Thursday, June 8, 2023

Review A People’s History Of Iraq, The Iraqi Communist Party, Workers’ Movements, and the Left 1924-2004

Salucci, Ilario, A People’s History Of Iraq, The Iraqi Communist Party, Workers’ Movements, and the Left 1924-2004, Chicago: Haymarket Books, 2005


Ilario Salucci wrote a very short and concise history of the Communists in Iraq. The Iraqi Communist Party (ICP) used to be the largest in the country, leading protests and being one of the main opposition groups. However it consistently undermined itself following Soviet doctrine and policy. The author documents how the Communists constantly subordinated themselves to other groups believing that a nationalist bourgeoise and capitalism had to develop before socialism could be established. The party therefore faced defeat after defeat at its own hands.


The ICP had a long history in Iraq. In the 1920s various small Leftist groups were formed mostly from students who’d gone abroad to study and learned about socialism and communism. In the 1930s the Communist Party was founded. In 1935 it issued its party platform calling for the end of British imperialism, Kurdish independence, cultural rights for minorities, distributing land to peasants, end of all debts and land mortgages, and power to the workers and peasants. The party went on to lead strikes and protests throughout the following decades earning it the ire of various governments that arrested its followers and executed its leaders. At its peak the ICP had several thousand members and was the largest party in the country. That’s because it was one of the only to try to organize amongst workers, peasants and students and condemned the British who created Iraq and maintained influence over the country and the landed elite who ran a semi-feudal economic system.


Salucci brings up how the ICP constantly undermined itself leading to its near total destruction several times. This was due to Soviet ideology and dictates. The USSR told Communist parties they needed to support a nationalist bourgeoise who would lead their countries away from imperialist control and establish capitalism before Communists could take power and build socialism. This led the ICP to back General Abdul al-Karim Qasim who took power in a coup in 1958, Colonel Abdul Salam Arif who seized the state in a coup in 1963 and the Baath Party after its 1968 coup. All of them ended up arresting and executing party members. Aligning with the Baath was the most glaring as it had killed thousands of Communists after the 1963 coup. The ICP also joined a national front with the Baath and disbanded all its own organizations which left it powerless when the inevitable crackdown came. Not only that but during World War II Moscow ordered its affiliates to back the Allies which meant the ICP went from attacking British imperialism to now supporting it which cost it followers. The fact that the Iraqi bourgeois was always a miniscule group incapable of leading the country never led the party to veer from its stance because it was committed to following the USSR. The result was the ICP made alliances with parties that were diametrically opposed to it and almost wiped out the party several times.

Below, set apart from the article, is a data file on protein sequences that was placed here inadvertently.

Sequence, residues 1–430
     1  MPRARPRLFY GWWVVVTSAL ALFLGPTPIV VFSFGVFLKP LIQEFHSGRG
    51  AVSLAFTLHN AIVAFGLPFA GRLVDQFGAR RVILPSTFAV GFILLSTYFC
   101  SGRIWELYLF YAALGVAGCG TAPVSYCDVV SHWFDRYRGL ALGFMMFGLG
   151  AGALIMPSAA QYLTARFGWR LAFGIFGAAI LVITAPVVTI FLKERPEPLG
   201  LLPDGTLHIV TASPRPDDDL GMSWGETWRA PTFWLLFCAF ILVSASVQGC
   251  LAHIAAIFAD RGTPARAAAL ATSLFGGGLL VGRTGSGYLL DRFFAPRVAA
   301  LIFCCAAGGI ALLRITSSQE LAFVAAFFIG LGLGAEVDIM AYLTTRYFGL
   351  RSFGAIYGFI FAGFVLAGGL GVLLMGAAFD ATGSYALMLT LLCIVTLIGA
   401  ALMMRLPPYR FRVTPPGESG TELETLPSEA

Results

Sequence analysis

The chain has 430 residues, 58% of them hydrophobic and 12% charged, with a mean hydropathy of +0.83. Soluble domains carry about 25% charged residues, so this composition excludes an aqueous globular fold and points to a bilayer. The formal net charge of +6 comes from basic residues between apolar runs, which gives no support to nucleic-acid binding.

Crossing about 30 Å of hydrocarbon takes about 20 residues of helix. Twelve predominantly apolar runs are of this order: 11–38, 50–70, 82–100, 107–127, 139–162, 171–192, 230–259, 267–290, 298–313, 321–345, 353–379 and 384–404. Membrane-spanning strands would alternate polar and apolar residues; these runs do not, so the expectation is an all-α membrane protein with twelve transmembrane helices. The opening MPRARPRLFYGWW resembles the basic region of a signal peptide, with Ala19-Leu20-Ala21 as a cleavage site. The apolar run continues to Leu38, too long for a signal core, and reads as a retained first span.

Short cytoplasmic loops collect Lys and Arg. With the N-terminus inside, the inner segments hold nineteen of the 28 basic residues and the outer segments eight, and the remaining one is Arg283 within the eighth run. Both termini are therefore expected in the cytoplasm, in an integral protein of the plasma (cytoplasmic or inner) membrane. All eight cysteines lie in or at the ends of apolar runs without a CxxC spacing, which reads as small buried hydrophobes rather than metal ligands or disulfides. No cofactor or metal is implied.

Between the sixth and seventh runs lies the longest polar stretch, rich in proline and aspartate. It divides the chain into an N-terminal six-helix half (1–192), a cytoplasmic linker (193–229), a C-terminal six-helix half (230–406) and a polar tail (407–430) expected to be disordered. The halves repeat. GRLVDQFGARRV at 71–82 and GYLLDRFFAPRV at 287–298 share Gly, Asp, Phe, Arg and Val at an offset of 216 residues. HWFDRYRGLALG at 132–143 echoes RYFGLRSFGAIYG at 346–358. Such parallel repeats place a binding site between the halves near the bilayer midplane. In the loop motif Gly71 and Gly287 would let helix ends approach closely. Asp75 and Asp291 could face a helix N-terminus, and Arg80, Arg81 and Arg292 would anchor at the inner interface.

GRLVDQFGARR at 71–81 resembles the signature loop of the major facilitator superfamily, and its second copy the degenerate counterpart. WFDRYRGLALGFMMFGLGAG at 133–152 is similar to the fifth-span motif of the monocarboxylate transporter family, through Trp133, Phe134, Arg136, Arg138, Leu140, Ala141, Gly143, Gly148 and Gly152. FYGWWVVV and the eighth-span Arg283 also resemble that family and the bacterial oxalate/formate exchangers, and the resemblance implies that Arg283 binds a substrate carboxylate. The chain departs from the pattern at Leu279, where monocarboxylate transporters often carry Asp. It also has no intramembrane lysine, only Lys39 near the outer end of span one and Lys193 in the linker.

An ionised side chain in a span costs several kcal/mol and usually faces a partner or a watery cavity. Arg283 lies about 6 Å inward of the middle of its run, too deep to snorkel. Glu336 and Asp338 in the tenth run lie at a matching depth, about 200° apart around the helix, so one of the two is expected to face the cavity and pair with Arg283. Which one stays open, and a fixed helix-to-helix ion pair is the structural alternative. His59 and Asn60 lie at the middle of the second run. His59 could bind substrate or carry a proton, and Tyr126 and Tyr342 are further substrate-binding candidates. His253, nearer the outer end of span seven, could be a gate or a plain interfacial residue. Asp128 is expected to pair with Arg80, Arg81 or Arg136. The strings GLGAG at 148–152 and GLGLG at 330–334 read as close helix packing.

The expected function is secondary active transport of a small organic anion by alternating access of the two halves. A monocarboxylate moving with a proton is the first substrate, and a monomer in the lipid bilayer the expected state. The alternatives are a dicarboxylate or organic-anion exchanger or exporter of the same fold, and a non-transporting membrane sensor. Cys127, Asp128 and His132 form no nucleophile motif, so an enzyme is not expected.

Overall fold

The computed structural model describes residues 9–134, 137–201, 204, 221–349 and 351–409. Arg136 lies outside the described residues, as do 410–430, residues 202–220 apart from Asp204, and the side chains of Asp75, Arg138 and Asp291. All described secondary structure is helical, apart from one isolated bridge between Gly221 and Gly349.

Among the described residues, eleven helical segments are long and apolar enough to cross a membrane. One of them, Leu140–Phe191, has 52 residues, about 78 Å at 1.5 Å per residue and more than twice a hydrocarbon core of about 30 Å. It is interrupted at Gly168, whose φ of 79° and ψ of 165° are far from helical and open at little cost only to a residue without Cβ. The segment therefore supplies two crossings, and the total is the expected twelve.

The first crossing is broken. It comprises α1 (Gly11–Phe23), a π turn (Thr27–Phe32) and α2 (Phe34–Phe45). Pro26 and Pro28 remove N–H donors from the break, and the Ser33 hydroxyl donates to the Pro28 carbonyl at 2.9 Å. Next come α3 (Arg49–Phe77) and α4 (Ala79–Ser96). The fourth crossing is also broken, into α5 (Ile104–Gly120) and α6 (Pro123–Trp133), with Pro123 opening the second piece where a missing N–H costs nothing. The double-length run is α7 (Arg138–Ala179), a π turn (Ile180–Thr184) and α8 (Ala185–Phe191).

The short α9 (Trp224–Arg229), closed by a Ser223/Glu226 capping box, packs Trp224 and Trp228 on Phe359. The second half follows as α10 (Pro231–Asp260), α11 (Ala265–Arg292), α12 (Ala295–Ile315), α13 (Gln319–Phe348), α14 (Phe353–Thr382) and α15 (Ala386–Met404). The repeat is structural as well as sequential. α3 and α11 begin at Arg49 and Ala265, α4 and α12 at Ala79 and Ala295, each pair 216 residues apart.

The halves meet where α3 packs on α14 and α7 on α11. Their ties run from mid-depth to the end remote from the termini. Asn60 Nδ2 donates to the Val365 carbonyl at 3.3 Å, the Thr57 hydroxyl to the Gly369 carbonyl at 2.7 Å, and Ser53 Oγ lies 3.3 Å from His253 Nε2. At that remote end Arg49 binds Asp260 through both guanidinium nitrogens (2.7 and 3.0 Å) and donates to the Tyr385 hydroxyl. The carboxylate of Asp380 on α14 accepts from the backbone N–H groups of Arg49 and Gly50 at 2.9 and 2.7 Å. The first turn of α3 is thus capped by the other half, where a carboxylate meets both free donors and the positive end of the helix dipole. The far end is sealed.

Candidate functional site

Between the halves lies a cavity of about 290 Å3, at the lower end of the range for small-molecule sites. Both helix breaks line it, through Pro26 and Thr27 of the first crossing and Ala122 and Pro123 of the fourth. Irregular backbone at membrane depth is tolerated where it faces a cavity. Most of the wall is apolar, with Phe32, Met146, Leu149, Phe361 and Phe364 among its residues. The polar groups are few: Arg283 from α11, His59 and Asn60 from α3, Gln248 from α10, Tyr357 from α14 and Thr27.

The Iraqi Communist Party attracted thousands of followers and helped organize some of the largest protests in Iraq during the monarchy. It was unable to bring about any lasting changes because of its subordination to the USSR. Moscow’s policies led the ICP to commit political suicide as the author puts it by joining with three autocracies. If one wants a short introduction to this history then A People’s History Of Iraq, The Iraqi Communist Party, Workers’ Movements, and the Left 1924-2004 would be a fine place to start. It packs a lot of information into a very short tome.


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